Canterbury Cathedral. We know Canterbury as the Mother Church of the entire Anglican Communion. Robin and I were blessed to be able to visit there many years ago and walked by the shrine of St. Thomas a Becket. And I looked down and I noticed that there was a long, smooth depressed line in the stone that passed right by the shrine. And so I asked our guide what this was, and he said, “That is from centuries of pilgrims coming to this place and passing before the shrine on their knees.” The faithfulness and penitence of generation upon generation, the honest offering of people’s lives had literally reshaped the stone of this great Cathedral.

And I thought to myself, “That’s what holiness looks like.”

Christ Church Cathedral. We call this Cathedral a holy space, and it surely is. But what makes it holy? Not the beauty. Not the age. It’s holy because like those others it is where truth meets truth. Where the deep reality of God meets the deep reality of our lives. It is where pretense has been stripped away, and generations of people have allowed themselves to be laid bare before God and God hangs right there on the cross laid bare before us.

It is where we can be and have been Adam and Eve before the fall – naked and yet unashamed. It is where we can meet and have met the risen Christ in that upper room – showing us his wounds and even inviting us to touch them.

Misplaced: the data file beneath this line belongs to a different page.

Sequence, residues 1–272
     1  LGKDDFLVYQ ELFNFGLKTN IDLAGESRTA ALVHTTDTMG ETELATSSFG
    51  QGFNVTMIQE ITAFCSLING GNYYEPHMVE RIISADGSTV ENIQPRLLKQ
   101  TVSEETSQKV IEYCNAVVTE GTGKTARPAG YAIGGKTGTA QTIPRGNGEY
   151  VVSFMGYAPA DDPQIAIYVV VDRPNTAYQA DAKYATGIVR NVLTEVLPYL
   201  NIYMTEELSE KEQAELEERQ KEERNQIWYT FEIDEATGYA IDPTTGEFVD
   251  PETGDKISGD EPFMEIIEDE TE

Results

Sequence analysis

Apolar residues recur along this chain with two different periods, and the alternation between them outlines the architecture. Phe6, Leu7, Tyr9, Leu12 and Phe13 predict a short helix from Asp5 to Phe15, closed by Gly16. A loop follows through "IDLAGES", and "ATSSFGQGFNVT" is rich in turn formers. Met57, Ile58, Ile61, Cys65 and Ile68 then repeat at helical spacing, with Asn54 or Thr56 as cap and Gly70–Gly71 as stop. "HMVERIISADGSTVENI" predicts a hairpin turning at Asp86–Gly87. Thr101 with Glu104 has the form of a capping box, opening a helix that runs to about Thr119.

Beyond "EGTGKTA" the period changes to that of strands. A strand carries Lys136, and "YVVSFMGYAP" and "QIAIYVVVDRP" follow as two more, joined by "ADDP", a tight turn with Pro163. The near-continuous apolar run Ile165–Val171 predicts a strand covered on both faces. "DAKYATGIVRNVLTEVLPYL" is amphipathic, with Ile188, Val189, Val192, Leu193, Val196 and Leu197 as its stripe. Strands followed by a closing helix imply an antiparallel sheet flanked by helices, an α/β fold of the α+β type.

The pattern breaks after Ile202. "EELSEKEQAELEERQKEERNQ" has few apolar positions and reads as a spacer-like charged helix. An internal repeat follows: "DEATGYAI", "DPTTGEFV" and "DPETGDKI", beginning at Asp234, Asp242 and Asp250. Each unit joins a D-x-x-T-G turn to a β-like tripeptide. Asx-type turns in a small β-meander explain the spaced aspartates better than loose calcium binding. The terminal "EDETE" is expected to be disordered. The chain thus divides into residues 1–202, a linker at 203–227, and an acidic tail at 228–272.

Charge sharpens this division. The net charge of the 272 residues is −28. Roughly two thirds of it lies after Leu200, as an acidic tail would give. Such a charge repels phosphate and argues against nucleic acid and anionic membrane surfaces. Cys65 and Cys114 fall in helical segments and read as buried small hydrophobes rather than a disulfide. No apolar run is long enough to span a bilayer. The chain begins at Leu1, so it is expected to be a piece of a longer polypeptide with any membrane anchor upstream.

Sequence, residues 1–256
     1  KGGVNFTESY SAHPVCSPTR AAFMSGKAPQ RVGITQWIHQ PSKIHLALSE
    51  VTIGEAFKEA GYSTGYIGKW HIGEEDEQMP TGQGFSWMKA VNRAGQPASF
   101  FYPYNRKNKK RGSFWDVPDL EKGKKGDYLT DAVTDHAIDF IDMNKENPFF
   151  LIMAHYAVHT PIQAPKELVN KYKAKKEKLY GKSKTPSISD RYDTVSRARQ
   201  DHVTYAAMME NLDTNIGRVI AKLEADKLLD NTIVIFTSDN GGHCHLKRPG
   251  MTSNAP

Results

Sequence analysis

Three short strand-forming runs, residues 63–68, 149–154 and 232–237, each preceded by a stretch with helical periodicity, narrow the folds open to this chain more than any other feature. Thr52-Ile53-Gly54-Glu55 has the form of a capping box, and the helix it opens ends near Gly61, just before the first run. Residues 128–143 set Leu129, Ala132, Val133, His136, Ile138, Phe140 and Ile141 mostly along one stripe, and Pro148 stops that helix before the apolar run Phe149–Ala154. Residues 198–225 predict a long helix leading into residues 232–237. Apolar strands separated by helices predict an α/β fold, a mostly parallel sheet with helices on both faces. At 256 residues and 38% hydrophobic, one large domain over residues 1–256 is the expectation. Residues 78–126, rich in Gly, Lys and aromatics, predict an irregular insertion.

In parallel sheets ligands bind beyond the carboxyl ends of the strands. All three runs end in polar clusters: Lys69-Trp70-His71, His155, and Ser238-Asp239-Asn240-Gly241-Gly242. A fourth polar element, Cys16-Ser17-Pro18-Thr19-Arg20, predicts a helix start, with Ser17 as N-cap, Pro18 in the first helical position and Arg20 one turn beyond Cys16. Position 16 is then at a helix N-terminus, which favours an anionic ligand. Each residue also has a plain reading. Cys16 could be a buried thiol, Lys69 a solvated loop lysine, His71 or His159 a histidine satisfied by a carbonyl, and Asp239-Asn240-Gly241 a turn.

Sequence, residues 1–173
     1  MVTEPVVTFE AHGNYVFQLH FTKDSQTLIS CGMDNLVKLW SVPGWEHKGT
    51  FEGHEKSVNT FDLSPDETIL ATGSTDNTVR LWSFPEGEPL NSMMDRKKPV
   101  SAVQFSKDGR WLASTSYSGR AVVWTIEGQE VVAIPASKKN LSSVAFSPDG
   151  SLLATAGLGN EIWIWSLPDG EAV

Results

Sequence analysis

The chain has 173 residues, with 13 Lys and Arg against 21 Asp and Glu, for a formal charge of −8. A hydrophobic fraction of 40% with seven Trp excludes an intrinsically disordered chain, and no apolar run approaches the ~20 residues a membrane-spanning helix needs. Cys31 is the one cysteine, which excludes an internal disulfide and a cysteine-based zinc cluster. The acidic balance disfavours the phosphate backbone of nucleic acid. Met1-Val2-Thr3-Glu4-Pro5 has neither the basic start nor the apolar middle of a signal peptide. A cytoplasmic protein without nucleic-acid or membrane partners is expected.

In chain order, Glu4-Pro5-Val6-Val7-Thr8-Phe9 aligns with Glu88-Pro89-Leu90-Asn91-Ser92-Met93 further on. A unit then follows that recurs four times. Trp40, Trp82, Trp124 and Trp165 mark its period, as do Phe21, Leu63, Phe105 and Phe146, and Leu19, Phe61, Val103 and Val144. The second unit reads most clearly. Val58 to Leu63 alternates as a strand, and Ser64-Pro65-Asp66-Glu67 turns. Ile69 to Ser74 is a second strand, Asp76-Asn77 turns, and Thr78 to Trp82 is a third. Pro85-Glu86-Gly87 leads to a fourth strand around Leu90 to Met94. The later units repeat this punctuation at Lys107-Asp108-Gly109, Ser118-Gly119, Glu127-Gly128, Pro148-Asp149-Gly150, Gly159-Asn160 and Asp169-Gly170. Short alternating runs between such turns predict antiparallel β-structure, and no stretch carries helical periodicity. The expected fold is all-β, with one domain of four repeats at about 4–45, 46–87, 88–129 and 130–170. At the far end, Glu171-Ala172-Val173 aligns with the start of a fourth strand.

It’s happened in this space for nearly 150 years. It happened on Sept. 19, 1901 when the city of St. Louis gathered in this very room as the whole nation observed silence during the funeral of President William McKinley. It happened nearly 100 years to the day later on Sept. 11, 2001 when the city came in here once again to look for solace and God’s presence as our nation endured another great loss that shook us to our core.

It has happened every time someone has wandered off the street to pray and every time we have gathered to bury a friend.

And it happened again last Sunday.